Today, March 24, 2014, the Supreme Court announced the results of their Friday conference where the plaintiffs’ cert petition from the Tibble v. Edison International case was considered. In a surprise move, the Supreme Court has asked the Solicitor General of the United States, working in conjunction with the Secretary of the Department of Labor, to file a brief offering their view on the issues. We have previously discussed the 9th Circuit opinion that plaintiffs are seeking to have heard, the rehearing opinion issued by the 9th Circuit panel, and the plaintiffs’ petition to the Supreme Court.
Many might remember that this is exactly what happened in Fifth Third Bancorp v. Dudenhoeffer, the case set for oral argument before the Supreme Court on April 2 concerning stock stop cases and the so called Moench Presumption. There, the Supreme Court requested the DOL’s views and shortly thereafter granted the petition to hear the case. (to read the briefs from the Fifth Third case, head over to the SCOTUSBlog website which is the preeminent source for information related to the Supreme Court)
As a reminder to our readers, the plaintiffs in Tibble are seeking to have the following issues heard by the Supreme Court:
1. Notwithstanding the ongoing nature of ERISA’s fiduciary duties, does the statute of limitations under 29 U.S.C. §1113(1) immunize 401(k) plan fiduciaries for retaining imprudent investments that continue to cause the plan losses if the funds were first included in the plan more than six years ago?
2. Does Firestone deference apply to fiduciary breach actions under 29 U.S.C. §1132(a)(2), where the fiduciary allegedly violated the terms of the governing plan document in a manner that favors the financial interests of the plan sponsor at the expense of plan participants?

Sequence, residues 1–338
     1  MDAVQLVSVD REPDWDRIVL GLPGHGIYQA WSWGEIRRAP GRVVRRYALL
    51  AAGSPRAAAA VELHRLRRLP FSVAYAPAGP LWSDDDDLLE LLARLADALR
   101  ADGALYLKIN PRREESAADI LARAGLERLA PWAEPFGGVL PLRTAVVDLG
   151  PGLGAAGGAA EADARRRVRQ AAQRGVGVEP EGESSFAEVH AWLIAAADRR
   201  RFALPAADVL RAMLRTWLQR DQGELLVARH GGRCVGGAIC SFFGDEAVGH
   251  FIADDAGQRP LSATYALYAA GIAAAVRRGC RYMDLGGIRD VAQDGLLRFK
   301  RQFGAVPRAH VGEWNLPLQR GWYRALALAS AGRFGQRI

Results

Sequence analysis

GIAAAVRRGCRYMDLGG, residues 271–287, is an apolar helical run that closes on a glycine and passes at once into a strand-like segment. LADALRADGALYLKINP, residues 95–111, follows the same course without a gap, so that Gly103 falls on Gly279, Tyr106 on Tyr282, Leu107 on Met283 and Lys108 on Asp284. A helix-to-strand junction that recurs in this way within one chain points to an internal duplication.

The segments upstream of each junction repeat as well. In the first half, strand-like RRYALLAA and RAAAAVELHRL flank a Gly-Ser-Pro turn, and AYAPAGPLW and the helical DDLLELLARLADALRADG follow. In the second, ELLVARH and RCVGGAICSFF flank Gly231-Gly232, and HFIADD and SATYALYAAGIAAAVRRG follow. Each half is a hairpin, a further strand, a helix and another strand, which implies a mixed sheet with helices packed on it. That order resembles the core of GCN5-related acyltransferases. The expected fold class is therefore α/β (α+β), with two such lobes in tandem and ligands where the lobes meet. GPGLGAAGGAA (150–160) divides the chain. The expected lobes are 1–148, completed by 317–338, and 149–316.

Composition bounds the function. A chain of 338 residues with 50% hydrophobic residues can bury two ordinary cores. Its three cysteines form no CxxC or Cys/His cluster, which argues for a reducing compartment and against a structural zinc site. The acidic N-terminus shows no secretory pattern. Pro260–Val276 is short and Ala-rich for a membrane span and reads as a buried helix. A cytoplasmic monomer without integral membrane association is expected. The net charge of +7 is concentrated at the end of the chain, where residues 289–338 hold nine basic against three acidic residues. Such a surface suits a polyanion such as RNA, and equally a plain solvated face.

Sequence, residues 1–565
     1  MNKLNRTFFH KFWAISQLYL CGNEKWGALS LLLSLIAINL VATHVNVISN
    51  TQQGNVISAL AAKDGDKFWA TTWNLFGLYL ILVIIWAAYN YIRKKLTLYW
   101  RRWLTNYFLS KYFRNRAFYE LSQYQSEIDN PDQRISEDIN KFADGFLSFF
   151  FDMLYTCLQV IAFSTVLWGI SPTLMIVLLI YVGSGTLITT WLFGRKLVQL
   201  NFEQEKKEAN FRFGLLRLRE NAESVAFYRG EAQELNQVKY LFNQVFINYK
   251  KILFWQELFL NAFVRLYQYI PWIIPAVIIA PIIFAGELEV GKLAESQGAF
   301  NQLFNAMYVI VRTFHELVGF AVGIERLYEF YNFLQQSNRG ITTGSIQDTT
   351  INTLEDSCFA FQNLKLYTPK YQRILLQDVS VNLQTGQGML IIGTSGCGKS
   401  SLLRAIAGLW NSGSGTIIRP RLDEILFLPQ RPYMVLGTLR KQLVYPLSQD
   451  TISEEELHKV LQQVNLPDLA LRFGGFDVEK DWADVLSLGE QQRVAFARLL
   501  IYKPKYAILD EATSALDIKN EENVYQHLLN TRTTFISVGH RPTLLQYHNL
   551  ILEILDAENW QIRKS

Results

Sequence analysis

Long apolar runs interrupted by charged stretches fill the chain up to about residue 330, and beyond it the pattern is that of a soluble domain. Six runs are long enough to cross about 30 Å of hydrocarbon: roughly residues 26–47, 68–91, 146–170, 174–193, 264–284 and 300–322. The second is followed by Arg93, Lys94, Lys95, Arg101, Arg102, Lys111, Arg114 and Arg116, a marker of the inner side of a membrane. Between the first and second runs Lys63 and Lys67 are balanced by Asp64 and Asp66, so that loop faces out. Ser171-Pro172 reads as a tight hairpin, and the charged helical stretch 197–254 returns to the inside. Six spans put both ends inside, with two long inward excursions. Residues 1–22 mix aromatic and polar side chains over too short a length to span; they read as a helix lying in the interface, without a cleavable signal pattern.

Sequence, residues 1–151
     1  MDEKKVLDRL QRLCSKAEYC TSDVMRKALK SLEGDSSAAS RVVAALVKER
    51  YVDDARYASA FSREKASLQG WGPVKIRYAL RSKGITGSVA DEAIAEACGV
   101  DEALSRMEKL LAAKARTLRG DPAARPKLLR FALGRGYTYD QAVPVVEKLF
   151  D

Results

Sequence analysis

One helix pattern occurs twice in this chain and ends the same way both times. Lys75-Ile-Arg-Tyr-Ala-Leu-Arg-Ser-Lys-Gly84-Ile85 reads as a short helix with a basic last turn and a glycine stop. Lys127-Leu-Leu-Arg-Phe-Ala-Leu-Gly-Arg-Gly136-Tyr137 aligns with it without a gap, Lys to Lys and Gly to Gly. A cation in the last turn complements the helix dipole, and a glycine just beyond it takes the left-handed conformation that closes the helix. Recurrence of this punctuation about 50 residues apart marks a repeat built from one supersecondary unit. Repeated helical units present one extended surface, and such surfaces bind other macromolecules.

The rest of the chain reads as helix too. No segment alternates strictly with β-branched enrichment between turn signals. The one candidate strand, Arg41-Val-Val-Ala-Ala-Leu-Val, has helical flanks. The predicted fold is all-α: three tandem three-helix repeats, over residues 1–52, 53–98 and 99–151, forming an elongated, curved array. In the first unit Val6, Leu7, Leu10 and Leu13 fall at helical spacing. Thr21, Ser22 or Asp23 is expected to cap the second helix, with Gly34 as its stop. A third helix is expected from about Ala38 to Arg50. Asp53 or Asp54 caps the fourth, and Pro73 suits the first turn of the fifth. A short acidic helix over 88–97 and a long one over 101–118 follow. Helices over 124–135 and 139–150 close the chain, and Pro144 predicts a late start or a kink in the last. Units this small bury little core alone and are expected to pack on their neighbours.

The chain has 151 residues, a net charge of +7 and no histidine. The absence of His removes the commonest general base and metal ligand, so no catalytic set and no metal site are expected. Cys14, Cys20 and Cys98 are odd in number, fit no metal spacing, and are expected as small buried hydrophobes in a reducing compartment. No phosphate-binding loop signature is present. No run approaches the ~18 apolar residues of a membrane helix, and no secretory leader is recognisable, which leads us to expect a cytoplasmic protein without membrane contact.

In our opinion, these issues are ripe for decision by the Supreme Court. Defining exactly how the 6 year statute of limitation should be interpreted would provide needed clarity to both plan participants and plan sponsors. Additionally, as we mentioned last week, the issue of deference to ERISA fiduciaries could not be more timely, as the 8th Circuit in the Tussey v. ABB appeal found that the district court should have viewed the action of the ABB defendants with regard to investment decisions at issue in the case through a lens of deference. The idea of deference as to the interpretation of a fiduciary’s own duties under ERISA is not something that appears in the plain text of the statute and is a relatively new court created doctrine. There is much disagreement in the legal and scholarly community so to whether deference is appropriate and we should expect to hear those opinions voiced in the coming weeks.
As to what the DOL will say, we can be reasonably sure they will agree with the plaintiffs as to the statute of limitations issue, as they are on record many many times in filed amicus briefs supporting an interpretation that is favorable to plan participants. As to the issue of deference, I am not aware of any previously filed positions by the DOL but I wouldn’t be surprised to see them agree with the plaintiffs again on this issue.
If that is the case, then the question becomes, what will the Supreme Court do? Will they agree to hear the case? In the last go around with the Fifth Third petition, many legal observers made the argument that when the Supreme Court asks for the Solicitor General’s opinion, it greatly increases the chances the case will be heard. (for the truly interested, this law review article does a very good job of empirically analyzing the success of petitions when a response is requested and when the solicitor general’s opinion is requested, both of which happened here)
We here on this blog are not in the business of tea leaf reading and we will not make a prediction. Instead, the only thing we can promise is that when the DOL files their brief and when the Supreme Court makes their decision, you will hear about it here expeditiously.